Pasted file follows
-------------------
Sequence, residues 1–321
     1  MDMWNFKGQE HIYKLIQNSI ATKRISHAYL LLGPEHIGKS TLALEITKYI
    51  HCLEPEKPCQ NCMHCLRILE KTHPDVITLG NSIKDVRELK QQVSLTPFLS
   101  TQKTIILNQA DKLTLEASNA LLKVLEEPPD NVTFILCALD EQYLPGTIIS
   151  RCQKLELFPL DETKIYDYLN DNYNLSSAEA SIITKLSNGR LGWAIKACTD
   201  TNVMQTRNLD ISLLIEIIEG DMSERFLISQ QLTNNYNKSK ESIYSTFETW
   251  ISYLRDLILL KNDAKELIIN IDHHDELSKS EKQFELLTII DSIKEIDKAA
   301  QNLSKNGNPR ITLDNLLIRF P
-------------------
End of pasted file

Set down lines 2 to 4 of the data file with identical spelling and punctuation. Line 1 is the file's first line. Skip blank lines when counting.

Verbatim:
     1  MDMWNFKGQE HIYKLIQNSI ATKRISHAYL LLGPEHIGKS TLALEITKYI
    51  HCLEPEKPCQ NCMHCLRILE KTHPDVITLG NSIKDVRELK QQVSLTPFLS
   101  TQKTIILNQA DKLTLEASNA LLKVLEEPPD NVTFILCALD EQYLPGTIIS